The Clean Water Act gave the EPA the authority to regulate pollution by creating wastewater standards and programs geared toward completely eliminating pollutants from the nation's navigable waters.20 It also gave the EPA the power to issue National Pollutant Discharge Elimination System ("NPDES") permits-a major component of the EPA's CWA regulation- which regulate the discharging of pollutants into navigable waters21 in the United States.22 To decide whether a facility needs an NPDES permit, or to show that a facility has violated the guidelines in its NPDES permit,23 the EPA often uses computer modeling to determine whether, and how much, a Page 1016 facility has discharged.24 By using computer modeling to prove a CWA violation, the EPA uses computer modeling as a means of enforcement.
As noted in Part I, the CWA has its origins in the WPCA of 1948,25which gave courts the power to grant relief in pollution cases.26 Though the WPCA was the first time Congress addressed the water-pollution problem, it did not mark the last. Congress subsequently created a series of substantial amendments to the Act,27 moving the law toward completely eliminating pollutants from the nation's navigable waters.28 Today, the CWA is the leading regulating act governing water pollution.29
Amendments in 1977 gave the EPA the authority to set wastewater standards and to create and apply pollution-control programs.30 The changes also required that all people and businesses obtain a permit if a possibility exists that a source on their land might discharge pollutants31 into navigable waters.32
Since 1977, the EPA has exercised its authority by creating and implementing several pollution-control programs and by setting water-quality standards for nearly every contaminant known to exist in U.S. navigable waters.33 However, despite the EPA's efforts to rid the nation's waters of pollutants, recent data suggests that nearly forty percent of the nation's waters remain polluted.34 The next two Sections address the EPA's Page 1017 attempt to reduce pollutant quantity through NPDES permits, specifically referencing agriculture operations.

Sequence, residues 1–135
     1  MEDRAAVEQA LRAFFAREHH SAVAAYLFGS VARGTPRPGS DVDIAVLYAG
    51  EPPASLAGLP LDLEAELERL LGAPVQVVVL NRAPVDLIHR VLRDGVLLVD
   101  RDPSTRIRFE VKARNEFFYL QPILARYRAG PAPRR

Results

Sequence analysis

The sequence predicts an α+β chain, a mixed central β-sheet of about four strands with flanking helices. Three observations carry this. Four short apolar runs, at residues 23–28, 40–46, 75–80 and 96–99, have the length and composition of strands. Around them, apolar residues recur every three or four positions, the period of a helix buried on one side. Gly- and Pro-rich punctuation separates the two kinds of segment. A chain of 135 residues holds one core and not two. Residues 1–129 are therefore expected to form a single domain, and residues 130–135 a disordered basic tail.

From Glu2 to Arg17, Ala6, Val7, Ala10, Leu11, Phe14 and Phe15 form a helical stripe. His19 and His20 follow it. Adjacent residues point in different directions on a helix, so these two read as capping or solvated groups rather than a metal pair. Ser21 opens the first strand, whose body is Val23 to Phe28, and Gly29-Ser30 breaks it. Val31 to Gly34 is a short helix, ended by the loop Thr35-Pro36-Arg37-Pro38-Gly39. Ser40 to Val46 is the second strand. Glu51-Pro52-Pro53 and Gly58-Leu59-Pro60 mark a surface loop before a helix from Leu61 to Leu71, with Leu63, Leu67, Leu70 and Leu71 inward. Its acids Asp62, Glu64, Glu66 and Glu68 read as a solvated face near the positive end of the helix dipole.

The CWA ambitiously seeks to eliminate water pollution by prohibiting "any person" from discharging pollutants from any "point source"35 into navigable waters,36 unless the EPA or authorized agency has issued that person an NPDES permit.37 The EPA manages the program and requires that "industrial, municipal, and other facilities" get a permit if their pollutant "discharges go directly to surface waters."38
The CWA broadly defines "point source" as "any discernible, confined and discrete conveyance from which pollutants are or may be discharged."39NPDES permits limit the amount a point source can discharge into navigable waters, based on pollutant type.40 Congress likely intended the Act to encompass pollution sources of nearly every type of pollutant,41 but the Act's definition of point source does not include discharges that result from "agricultural storm water and irrigated agriculture return flows."42 However, as discussed below, a concentrated animal feeding operation does not meet Page 1018 the stor mwater or irrigation exception and, therefore, qualifies as a point source.43 NPDES permits have played an essential role in enforcing the CWA, because they set forth CWA enforcement guidelines by capping effluent limitations and defining a point source's obligations and restrictions.44